Housing Conditions as a Predictor for Riot: Rochester, New York, 1964

By Vacca, Carolyn S.; Wakefield, Wanda Ellen | Afro-Americans in New York Life and History, July 31, 1991 | Go to article overview

Housing Conditions as a Predictor for Riot: Rochester, New York, 1964


Vacca, Carolyn S., Wakefield, Wanda Ellen, Afro-Americans in New York Life and History


Housing Conditions as a Predictor for Riot: Rochester, New York, 1964

In the decades since the urban upheavals of the 1960s sociologists and historians have attempted to define the nature of rioting as political behavior. Their analyses range, from riot as collective violence impacted by mass media and militant anger to riot as social behavior energized by the discontent of a scattered hostile few. It is doubtful that a single motivation or set of catalysts can ever be isolated from the numerous patterns that inform any mass disturbance. Perhaps all that can be found are patterns in circumstance and environment that were present prior to the disruption, patterns of the desperation that would, for the rioter, validate the risk of personal loss and/or injury undertaken.

This paper examines the impact of one such pattern, housing. Any discussion of housing must go well beyond the availability of residences to their condition, cost, and location. Rochester, by virtue of its smaller size, was perhaps better suited for such a study than some other cities that experienced riots during the 1960s. Furthermore, its late entrance into the urban renewal network (New York City had 10 projects in 1949, a full decade before Rochester began its first)(2) allowed a clear view of the reaction to the program in Rochester.

In the years before 1964, there was a desperate search for decent living situations in both wards where rioting occurred, and yet the City Manager's report on the incidents included no reference to this grievance. We questioned whether there was a link between housing conditions and the riots in Rochester. Therefore, we probed the housing and neighborhoods of the riots and rioters for clues to the possible motivation behind the violence. While we do not suggest that this alone can answer "Why Rochester?", we believe that the link is strong enough to explain why certain neighborhoods spawned more violence than others. This link is forged not only by intolerable housing, but by wrenching dislocation. Finally, we concur with the Human Relations Commission's statement on the segregating force of housing in general and in Rochester.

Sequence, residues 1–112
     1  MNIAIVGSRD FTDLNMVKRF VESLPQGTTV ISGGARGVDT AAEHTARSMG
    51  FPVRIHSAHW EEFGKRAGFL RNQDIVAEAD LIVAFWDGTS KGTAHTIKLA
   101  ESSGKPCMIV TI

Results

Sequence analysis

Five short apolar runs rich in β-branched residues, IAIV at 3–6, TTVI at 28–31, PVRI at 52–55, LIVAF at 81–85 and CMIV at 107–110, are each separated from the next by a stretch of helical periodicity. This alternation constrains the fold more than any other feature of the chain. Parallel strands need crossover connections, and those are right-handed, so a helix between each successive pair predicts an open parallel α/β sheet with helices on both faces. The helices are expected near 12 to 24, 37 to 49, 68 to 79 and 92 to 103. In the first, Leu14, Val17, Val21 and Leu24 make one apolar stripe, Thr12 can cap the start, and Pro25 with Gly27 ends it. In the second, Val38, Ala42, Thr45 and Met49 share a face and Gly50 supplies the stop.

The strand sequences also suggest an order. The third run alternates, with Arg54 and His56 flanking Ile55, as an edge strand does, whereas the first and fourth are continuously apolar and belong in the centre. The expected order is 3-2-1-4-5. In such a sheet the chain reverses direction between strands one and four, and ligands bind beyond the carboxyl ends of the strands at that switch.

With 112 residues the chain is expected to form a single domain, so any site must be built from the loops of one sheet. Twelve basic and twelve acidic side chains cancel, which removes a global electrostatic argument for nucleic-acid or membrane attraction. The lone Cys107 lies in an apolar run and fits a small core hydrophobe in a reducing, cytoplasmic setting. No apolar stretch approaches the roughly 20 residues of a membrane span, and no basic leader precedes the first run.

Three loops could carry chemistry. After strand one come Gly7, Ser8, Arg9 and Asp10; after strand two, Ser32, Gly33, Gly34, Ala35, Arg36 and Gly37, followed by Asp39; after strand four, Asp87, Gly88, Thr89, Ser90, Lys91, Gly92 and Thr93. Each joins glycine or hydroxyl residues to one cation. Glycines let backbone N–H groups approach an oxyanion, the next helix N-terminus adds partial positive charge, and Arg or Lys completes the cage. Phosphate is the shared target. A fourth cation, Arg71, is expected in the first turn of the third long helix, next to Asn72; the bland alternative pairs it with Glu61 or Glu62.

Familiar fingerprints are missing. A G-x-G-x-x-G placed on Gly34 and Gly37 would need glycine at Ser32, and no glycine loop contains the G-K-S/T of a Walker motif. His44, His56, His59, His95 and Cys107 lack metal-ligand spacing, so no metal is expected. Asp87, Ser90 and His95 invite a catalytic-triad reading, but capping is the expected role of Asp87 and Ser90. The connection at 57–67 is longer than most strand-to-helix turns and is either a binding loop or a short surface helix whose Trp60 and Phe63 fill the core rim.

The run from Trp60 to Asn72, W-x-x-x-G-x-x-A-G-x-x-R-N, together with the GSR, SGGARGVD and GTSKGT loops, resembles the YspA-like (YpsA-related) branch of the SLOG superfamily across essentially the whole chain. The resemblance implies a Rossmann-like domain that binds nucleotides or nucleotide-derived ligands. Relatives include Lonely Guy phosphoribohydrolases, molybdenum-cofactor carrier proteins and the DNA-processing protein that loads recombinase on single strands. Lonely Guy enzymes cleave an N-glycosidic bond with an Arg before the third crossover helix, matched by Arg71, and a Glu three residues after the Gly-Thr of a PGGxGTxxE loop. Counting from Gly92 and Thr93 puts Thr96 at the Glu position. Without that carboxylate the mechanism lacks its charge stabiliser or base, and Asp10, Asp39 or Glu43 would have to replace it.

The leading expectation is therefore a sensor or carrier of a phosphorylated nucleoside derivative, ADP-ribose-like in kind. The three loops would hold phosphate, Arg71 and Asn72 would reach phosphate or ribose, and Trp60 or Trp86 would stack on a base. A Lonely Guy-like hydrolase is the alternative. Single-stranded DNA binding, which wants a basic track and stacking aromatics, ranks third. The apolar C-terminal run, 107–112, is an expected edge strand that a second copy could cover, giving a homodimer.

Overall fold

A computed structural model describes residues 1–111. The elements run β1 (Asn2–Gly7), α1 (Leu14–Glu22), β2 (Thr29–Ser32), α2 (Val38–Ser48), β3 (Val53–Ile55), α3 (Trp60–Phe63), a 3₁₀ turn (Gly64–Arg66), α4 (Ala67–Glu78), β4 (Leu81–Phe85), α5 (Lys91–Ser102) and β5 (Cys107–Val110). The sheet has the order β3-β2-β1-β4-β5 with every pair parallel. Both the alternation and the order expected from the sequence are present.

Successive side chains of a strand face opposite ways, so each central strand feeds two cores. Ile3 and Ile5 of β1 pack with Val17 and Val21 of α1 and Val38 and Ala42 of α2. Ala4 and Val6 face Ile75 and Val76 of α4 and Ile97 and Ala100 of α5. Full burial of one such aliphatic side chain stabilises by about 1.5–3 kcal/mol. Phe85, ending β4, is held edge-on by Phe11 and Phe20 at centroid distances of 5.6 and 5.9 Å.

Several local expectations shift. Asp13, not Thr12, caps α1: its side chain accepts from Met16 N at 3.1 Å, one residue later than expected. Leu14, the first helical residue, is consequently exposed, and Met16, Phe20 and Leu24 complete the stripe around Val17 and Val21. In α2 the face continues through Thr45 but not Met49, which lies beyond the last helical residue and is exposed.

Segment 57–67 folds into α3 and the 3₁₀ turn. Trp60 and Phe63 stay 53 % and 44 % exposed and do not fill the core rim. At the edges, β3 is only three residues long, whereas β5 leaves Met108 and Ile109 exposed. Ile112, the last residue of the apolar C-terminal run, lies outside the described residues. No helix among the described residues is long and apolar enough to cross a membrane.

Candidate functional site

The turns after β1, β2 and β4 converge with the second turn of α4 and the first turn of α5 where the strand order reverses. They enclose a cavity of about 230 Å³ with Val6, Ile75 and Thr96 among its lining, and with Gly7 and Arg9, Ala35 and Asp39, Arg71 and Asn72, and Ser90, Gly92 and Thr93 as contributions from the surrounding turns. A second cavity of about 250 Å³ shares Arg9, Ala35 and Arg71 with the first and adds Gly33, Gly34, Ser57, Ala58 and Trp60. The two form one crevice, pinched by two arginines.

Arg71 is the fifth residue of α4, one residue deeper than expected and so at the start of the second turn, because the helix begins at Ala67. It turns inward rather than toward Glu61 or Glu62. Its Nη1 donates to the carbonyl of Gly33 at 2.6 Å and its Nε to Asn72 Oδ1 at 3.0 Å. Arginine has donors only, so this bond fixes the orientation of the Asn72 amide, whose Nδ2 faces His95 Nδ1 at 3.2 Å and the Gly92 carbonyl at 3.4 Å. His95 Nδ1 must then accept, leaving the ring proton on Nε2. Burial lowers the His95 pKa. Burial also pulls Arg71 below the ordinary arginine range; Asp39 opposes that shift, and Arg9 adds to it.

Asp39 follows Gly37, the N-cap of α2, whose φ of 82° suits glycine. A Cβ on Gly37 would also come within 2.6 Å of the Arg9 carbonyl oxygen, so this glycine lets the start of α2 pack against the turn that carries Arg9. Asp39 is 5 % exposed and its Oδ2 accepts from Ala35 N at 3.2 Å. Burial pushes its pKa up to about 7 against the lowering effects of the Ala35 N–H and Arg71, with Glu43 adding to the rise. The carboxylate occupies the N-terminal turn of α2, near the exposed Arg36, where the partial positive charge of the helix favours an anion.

"Housing" is the most severe and central issue involved in the racial discrimination problem from every vantage point - be it the world aspect, or viewed from national, city or community levels - and experience in the Rochester area again confirms that discrimination in housing constitutes the matrix of all interfacial problems.(3)

Our examination of housing in the City of Rochester was limited to the Seventh and Third Wards as those were the areas where, with few exceptions, the rioting occurred in 1964. The Baden-Ormond area herein referred to is the core of the Seventh Ward and includes the streets most affected by rioting in that Ward. Through the use of plat books and census tract outlines, we reconstructed the neighborhoods to the best of our ability mindful of the redistricting that occurred in 1960. Where streets formed the census boundaries, we assigned sides of the streets to the appropriate tracts. We also conducted windshield surveys(4) to better understand how those neighborhoods have changed in the twenty-five years since the riots.

To enhance our understanding of housing patterns and urban renewal we consulted Monroe County Human Relations Commission reports and files, newspaper clippings, photographs from the City Archives, and Urban Renewal reports. Human Relations files were employed because of the Commission's early and active involvement in housing issues. We also conducted personal interviews with Rochester Housing Authority and Rochester Management Corporation personnel and corresponded with a former government housing official. RHA and RMC have both been involved in low and/or moderate income housing since before the riots making them excellent sources for historical perspectives on these issues.

The 1968 Report of the National Advisory Commission on Civil Disorders (commonly known as the Kerner Commission Report) identified housing conditions as a first intensity complaint among those surveyed following the serious riots of 1967. …

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